You benefit from both cost savings and increased sales.
5. Embrace Digitalization and Automation
Whether you run a small business or manage several departments within a larger corporation, your job is to do more with less. While this may appear difficult, embracing digitalization and automation can assist. Automation tools—such as an accounting software package—can help you centralize processes (and record-keeping), freeing up time that you can spend on other tasks. Likewise, digital tools (like intranets) can help make collaboration between colleagues easier, thereby improving communication and streamlining routine tasks like project management. In other words, these technology tools save time so that you can focus on doing more with less by growing revenue through increased efficiency or expanded offerings.
The bottom line is that making efficient use of time has enormous benefits in terms of meeting goals quickly and reducing waste.
6. Collaborate with Others
As a small business owner, you may not have to answer to investors or a board of directors. You may have complete autonomy when it comes to making major decisions about your business. But don’t let that power go to your head. Although you are in charge, you must also consider any other people who own stock in your company, or who depend on your business for their livelihood.
Collaboration with others is key to making sure your entire team—and everyone affected by it—is working toward common goals. Be sure that everyone on staff feels as though they are an integral part of every decision you make. This can keep people from getting angry with each other later and help employees at all levels of an organization build trusting relationships based on mutual respect and understanding.
While this might not feel like a financial strategy tip, it has huge implications for managing finances. Accountability is the watchword here.
7. Think Outside the Box
Startups must be adaptable and agile to thrive in changing environments. Thinking outside of traditional business frameworks will help you adapt and respond. Being in a small, dynamic company is a lot like having entrepreneurial energy: everything happens so fast! You’re constantly confronted with problems that must be solved right away.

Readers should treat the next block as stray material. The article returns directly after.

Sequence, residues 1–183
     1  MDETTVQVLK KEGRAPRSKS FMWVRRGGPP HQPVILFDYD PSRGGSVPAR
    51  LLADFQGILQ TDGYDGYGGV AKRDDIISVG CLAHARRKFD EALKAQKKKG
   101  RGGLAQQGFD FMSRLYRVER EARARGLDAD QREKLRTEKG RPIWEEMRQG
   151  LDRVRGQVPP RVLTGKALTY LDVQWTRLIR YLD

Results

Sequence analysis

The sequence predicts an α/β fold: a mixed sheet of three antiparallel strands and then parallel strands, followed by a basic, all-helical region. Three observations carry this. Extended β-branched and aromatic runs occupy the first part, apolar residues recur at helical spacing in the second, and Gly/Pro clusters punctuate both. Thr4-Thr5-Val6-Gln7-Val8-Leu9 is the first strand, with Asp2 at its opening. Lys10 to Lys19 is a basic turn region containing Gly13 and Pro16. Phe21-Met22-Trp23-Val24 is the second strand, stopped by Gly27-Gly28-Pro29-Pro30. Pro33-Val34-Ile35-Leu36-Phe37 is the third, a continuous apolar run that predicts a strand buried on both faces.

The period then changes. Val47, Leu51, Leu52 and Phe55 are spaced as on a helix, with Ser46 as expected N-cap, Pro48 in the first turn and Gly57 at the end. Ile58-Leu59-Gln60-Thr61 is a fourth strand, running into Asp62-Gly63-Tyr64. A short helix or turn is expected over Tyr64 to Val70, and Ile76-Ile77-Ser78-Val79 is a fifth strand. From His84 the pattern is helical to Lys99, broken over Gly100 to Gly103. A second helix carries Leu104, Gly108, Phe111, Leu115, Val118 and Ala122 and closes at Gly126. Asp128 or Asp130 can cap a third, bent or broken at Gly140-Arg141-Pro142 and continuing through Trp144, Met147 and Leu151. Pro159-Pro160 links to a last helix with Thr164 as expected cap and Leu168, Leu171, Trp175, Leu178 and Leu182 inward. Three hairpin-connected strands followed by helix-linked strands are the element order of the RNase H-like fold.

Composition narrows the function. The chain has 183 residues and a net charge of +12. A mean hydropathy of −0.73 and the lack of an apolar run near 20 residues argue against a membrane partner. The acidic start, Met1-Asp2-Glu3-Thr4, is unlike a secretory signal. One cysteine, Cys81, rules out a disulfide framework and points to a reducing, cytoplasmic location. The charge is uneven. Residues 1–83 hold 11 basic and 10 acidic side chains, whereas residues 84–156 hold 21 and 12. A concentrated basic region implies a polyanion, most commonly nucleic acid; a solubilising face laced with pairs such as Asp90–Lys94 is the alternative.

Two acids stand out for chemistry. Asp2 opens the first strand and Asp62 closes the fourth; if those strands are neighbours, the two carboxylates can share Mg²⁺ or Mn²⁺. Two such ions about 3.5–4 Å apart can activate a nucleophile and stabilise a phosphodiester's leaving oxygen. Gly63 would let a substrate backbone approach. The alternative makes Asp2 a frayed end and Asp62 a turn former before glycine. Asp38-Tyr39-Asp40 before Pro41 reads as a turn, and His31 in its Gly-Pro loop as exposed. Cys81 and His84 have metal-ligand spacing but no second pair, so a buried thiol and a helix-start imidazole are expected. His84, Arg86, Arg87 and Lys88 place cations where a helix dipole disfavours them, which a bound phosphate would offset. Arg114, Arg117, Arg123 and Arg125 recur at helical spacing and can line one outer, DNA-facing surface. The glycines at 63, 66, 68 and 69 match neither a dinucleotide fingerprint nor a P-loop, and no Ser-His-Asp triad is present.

8. Go Green
If you’re running a small business, you know that sometimes it feels like your overhead never ends. But one way to help reduce costs is to make sure you are as eco-friendly as possible. Going green doesn’t just have an impact on our environment, but also on your bottom line. Many companies offer green products with impressive savings over conventional products. There are many ways you can save money by going green:
A classic example is getting rid of the printer (and paper) and going completely digital. If paper cannot be eliminated, use eco-friendly printers.
Another example is using energy-saving lamps and devices, which brings down utility costs by a lot.
9. Advertise Properly
Online advertising is a terrific way to promote your business online. It’s also important to make sure that you don’t overspend on ads. Paying for many clicks may seem like a clever idea, but if those clicks are from people who have no interest in your product or service, it may be better to pay less money and get more targeted viewers. Spending too much on ads could cost you a lot eventually—which is why it’s so important to create ad campaigns that are geared toward specific goals.
10. Get Professional Help When Necessary
You don’t have to be a financial expert to manage your business’s finances. On top of that, most accountants who specialize in working with small businesses won’t charge you a lot either.
The key is to find someone who has experience working with small companies like yours—and make sure they understand your industry as well as your organization’s needs. That way, you can get sound financial advice without having to break open your wallet.
11. Embrace Agile Ways of Working
Small businesses might feel like they don’t have time for Agile methodologies. But these methodologies can do a lot to help them keep up with their larger competitors. Agile methods work best when implemented early in a company’s growth because they can have a long-term impact on productivity and reduce wasted time and resources. For example, studies have shown that one of Agile’s most famous philosophies—the 3 amigos meeting—can eliminate 30% of project costs by ensuring close communication between three departments (marketing, sales, and development). When done right, agile can be just as effective for small businesses as it is for large corporations.
As a business owner, you know that managing finances is one of the most crucial tasks you have. With so many competing demands on your time and resources, it’s hard to find the time and money to invest in long-term growth. Small businesses are constantly faced with a myriad of financial challenges. Without the right financial strategy in place, they can quickly find themselves in trouble.
However, by following one or more of the strategies outlined in this blog, you can start taking steps in the right direction and boost your business gradually over time.
If you are interested in learning more about these strategies, be sure to contact our firm! We would be happy to answer any questions you may have about financial planning for businesses of all sizes, and we would be happy to assist you in finding the best solution for your unique situation.